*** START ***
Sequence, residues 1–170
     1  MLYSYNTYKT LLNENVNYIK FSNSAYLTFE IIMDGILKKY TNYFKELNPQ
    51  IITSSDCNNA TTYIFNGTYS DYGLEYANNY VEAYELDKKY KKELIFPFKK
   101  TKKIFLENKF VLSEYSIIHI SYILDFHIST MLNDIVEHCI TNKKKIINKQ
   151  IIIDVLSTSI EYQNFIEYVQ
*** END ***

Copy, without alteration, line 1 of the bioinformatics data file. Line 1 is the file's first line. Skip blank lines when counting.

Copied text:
Sequence, residues 1–170